My goal for this course is to take what I have learned in the two previous Teaching and Learning with Technology courses, as well as in the Design and Delivery course (ADLT 606), and gain a hands-on, practical understanding of how instructional design differs for eLearning versus face-to-face or classroom based learning. The coursework as it was outlined in our first class appears to address a multitude of topics that affect instructional design, and the four outside project presentations offer a variety of subject matter. However, the presentations seem to favor learning in academic settings versus corporate settings. While we did have a brief discussion of training versus education (which I took as corporate versus academic), I realize that I am the only one in the class who works in a corporate environment as well as the only one whose current role is not related to teaching, and so my needs and interests are different. To the extent that there is any material difference in how the ideas we will discuss are implemented in the different settings, I hope we are able to address it.
The ADDIE model was mentioned a fair amount during class, and I wonder if there will be any discussion of other models, such as SAM (Successive Approximation Model) that seems to have gained a fair amount of traction, at least in the corporate learning environment. While I recognize that ADDIE does not have to be as linear at it might first appear, SAM seems to offer a more inclusive and collaborative approach and builds in iterative processes which makes it feel more nimble for the mad pace we all seem to keep these days.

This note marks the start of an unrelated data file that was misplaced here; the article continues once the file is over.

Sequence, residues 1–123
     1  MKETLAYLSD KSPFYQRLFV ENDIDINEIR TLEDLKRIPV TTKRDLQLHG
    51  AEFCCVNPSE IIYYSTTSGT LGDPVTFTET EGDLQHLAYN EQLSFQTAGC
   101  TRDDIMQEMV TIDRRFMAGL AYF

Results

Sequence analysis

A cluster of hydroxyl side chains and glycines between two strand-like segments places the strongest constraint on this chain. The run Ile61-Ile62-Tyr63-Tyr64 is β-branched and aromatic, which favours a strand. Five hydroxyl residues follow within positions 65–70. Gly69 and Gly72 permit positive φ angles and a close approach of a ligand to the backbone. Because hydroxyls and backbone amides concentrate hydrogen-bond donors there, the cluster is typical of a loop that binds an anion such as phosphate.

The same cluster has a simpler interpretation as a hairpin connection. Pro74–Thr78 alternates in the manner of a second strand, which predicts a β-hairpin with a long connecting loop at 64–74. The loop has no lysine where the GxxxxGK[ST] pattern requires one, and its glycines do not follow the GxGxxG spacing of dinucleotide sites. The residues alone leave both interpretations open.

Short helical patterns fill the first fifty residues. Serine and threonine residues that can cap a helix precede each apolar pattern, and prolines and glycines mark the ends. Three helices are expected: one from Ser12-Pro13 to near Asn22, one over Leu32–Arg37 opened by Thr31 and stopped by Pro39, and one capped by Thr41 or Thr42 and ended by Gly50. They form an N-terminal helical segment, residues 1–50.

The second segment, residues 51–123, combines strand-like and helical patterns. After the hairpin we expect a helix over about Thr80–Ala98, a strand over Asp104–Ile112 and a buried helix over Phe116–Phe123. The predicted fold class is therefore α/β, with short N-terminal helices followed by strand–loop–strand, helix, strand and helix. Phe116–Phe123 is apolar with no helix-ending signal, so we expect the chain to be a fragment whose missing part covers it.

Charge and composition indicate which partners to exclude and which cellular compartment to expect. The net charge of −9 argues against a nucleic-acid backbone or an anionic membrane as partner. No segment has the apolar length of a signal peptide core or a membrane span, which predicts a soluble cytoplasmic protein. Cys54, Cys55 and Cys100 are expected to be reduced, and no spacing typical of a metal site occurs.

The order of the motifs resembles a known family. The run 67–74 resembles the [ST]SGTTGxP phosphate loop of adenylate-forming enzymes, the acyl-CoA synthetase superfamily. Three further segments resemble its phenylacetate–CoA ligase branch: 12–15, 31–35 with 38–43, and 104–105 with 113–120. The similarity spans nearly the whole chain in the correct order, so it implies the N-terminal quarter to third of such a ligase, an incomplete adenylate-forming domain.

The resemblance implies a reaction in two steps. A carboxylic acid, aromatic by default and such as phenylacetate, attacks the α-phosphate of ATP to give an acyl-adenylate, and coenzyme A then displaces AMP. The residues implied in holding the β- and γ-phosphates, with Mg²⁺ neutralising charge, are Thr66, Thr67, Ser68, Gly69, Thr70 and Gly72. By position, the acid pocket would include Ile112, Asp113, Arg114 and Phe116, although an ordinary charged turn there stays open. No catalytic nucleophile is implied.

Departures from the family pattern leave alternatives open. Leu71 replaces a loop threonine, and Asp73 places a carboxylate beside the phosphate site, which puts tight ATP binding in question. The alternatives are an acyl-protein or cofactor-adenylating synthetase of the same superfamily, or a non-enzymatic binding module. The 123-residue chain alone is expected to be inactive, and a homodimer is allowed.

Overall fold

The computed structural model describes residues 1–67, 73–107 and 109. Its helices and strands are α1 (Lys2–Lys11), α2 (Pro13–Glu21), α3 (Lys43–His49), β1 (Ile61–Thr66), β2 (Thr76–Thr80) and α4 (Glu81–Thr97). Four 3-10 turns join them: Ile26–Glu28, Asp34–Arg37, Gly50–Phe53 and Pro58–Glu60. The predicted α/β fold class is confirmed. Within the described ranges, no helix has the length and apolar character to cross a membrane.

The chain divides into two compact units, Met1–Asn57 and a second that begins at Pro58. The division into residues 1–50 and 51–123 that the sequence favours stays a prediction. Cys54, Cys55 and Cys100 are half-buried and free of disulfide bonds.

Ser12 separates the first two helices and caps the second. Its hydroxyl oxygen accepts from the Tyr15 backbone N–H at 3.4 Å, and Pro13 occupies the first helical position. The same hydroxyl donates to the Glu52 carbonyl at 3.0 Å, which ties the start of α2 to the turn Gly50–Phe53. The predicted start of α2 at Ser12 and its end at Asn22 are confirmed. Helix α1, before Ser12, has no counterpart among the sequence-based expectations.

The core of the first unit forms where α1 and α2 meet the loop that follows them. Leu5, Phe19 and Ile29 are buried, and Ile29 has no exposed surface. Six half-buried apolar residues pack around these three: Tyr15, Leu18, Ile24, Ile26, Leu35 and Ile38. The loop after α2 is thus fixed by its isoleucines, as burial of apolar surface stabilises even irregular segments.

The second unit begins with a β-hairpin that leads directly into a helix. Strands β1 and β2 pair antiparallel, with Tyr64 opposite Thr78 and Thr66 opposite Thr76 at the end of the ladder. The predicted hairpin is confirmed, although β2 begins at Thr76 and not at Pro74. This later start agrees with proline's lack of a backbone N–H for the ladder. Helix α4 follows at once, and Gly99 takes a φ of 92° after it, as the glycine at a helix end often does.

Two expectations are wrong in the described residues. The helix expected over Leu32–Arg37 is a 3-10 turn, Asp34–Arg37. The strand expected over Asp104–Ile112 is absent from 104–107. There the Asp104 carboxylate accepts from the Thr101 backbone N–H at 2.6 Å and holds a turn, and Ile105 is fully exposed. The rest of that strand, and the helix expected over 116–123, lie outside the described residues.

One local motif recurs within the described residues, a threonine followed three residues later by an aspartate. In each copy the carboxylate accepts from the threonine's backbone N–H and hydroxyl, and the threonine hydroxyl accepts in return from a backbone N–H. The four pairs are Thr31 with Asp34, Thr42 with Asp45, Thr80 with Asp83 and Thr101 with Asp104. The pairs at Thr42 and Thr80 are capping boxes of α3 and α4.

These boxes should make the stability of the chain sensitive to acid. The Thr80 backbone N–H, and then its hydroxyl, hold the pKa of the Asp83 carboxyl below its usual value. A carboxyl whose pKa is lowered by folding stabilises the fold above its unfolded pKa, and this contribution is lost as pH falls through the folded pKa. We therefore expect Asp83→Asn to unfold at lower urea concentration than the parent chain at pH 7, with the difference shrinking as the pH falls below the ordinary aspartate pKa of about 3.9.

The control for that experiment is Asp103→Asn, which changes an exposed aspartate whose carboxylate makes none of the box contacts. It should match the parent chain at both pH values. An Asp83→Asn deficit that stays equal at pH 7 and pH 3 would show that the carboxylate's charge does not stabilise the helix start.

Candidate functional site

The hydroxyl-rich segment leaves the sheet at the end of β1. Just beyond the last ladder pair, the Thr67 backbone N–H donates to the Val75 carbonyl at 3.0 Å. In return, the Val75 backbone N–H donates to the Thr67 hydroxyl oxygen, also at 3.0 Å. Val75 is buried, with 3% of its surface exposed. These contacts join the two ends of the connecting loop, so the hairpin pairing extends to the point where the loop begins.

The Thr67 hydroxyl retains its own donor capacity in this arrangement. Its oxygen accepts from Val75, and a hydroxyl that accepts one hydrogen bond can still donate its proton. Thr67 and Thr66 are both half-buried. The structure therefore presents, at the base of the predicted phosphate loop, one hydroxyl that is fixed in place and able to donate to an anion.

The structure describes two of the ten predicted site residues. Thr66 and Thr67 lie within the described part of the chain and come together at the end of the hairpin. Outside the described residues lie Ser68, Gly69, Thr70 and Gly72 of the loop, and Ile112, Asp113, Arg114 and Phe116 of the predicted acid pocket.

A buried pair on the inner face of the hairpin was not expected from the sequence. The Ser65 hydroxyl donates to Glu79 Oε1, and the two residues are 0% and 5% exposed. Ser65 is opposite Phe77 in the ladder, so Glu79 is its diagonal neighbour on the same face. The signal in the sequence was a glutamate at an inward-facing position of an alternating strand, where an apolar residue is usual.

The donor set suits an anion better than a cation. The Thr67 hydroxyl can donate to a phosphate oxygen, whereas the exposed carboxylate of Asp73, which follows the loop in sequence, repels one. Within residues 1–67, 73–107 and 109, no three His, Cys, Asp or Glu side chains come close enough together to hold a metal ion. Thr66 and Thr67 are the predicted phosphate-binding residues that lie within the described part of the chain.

As for the question of what I hope to be able to do with instructional design skills once the course is completed, I come back to a recurring theme in my blog — the similarities between adult eduction and marketing. As stated in the syllabus for this course:
Creation of successful e-learning requires skills in designing interactive environments that engage and stimulate as well as provide a sense of community among learners and between learners and the teacher or facilitator. This is much more than the electronic linking of documents and resources.
In much the same way, marketers are seeking to create interactive environments that create a sense of community to enhance brand loyalty, but it involves much more than simply creating a website, getting people to “like” you on Facebook, or having a large following on Twitter. We, as marketers, need to understand what people really want from a product or service and how they intend to use it (much the same way we’ve been asked to write about what we expect from this course and how we intend to use it). Whether it’s the ADDIE model, SAM, or the Interactive Model of Program Planning, there are many similarities between the stages of instructional design and marketing planning. So whether I continue to work in a marketing capacity or finally make the leap to adult education, what I learn in this course about when and how to use digital tools effectively to accomplish my goals will be useful.
The first night of class fell in the middle of a very hectic work week. I had been looking forward to the break from too many late nights at the office and the chance to get back into a positive learning environment. I was already having angst about how I would make the time for school given that work has been all-consuming since the first of the year, but about an hour into class I think I just went numb. Four design solutions, two research projects, weekly blogs, and the “40% project.” Don’t get me wrong — I LOVE my school work, and I am looking forward to each assignment. My fear is that I won’t have the time that I want to put into the projects to get as much as I can out of them. I hope once we get into the flow of things, it won’t seem so overwhelming, but I have to admit… I’m a little nervous!
“…hold on tight, cuz it’s gonna be wilder than any 8 second ride!”
Photo sourced from pbr.com